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Carbon Emissions of China’s Cement Packaging: Life Cycle Assessment

by Xiaowei Ma 1,2,3,4,*, Chuandong Li 1,2 and Bin Li 1,2
1
Center for Energy and Environmental Policy Research, Beijing Institute of Technology, Beijing 100081, China
2
School of Management and Economics, Beijing Institute of Technology, Beijing 100081, China
3
Beijing Key Laboratory of Energy Economics and Environmental Management, Beijing 100081, China
4
Sustainable Development Research Institute for Economy and Society of Beijing, Beijing 100081, China
*
Author to whom correspondence should be addressed.
Sustainability 2019, 11(20), 5554; https://doi.org/10.3390/su11205554
Received: 14 August 2019 / Revised: 4 October 2019 / Accepted: 5 October 2019 / Published: 9 October 2019
China is the largest producer of cement in the world. With this tremendous production of cement, the extensively used cement packaging embodies significant carbon dioxide emissions. However, this has scarcely been investigated. This paper presents the first investigation into three types of cement packaging in China using the life cycle assessment methodology. The carbon dioxide emissions in each production phase of cement packaging were calculated and compared to the emissions in the western, middle, and eastern regions in China. The results show that in the production phase, the consumption of electricity accounted for the highest proportion of total carbon dioxide emissions (23.39–35.14%), followed by the consumption of polypropylene-based material (23.39%). From a packaging perspective, laminated plastic woven bags emitted the most carbon dioxide (0.637 kg/bag), followed by paper–plastic composite bags (0.536 kg/bag) and paper bags (0.022 kg/bag). In regional terms, the western region emitted the most carbon dioxide (3.06 million tons) compared with the eastern (2.01 million tons) and middle (1.81 million tons) regions due to the low bulk rate. Our findings indicate that using paper–plastic composite bags instead of laminated plastic woven bags and using recycled materials instead of new materials in certain production phases can considerably reduce the environmental impacts of cement packaging. The government should encourage the use of non-coal energy power generation for the production phase. Further improvements could focus on the use of bulk cement instead of packaged cement. View Full-Text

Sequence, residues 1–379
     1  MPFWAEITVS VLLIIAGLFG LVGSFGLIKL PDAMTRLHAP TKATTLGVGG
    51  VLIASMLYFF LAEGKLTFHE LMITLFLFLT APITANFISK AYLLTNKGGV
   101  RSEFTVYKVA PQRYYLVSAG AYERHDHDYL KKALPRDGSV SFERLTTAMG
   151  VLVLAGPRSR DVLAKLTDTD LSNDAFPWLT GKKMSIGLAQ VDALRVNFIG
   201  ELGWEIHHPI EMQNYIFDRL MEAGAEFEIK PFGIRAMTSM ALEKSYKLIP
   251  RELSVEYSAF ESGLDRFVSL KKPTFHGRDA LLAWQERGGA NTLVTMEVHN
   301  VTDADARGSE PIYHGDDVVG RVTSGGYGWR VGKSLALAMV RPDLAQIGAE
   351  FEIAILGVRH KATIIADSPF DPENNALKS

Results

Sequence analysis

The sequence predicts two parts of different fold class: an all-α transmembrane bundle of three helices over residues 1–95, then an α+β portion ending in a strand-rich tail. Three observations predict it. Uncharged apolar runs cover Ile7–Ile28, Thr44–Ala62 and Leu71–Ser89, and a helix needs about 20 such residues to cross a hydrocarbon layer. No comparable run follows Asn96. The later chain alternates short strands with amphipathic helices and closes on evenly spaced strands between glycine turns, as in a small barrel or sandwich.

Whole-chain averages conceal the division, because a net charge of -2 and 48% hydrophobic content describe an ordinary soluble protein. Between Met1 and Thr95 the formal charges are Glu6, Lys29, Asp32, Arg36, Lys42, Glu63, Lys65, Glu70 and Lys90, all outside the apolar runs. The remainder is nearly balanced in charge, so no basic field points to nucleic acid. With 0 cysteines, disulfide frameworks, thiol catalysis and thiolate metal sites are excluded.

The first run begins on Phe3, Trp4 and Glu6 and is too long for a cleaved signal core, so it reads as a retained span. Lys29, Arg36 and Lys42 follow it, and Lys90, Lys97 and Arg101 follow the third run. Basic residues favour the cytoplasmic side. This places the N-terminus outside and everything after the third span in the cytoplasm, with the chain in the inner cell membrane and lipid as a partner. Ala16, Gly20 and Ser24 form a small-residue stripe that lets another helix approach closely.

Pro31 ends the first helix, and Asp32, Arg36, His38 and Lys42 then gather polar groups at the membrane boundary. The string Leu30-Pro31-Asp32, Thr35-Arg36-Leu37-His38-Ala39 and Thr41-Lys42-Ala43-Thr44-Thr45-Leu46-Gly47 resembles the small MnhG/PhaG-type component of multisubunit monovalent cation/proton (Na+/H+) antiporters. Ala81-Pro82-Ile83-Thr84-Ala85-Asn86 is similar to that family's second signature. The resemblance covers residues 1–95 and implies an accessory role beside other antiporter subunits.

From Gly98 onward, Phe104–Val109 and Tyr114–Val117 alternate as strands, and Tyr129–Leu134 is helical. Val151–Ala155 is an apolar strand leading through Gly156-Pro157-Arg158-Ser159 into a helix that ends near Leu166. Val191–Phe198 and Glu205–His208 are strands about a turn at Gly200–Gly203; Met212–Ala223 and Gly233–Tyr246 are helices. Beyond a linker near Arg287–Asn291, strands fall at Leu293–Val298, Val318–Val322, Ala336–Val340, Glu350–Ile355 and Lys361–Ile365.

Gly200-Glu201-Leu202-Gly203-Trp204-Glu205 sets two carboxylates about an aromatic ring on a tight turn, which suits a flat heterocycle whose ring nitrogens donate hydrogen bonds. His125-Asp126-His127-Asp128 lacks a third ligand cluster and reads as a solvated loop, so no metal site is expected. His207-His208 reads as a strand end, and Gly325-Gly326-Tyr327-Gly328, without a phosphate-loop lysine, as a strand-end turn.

Keywords: cement packaging; carbon dioxide emission; life cycle assessment; carbon emissions reduction cement packaging; carbon dioxide emission; life cycle assessment; carbon emissions reduction
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Ma, X.; Li, C.; Li, B. Carbon Emissions of China’s Cement Packaging: Life Cycle Assessment. Sustainability 2019, 11, 5554.

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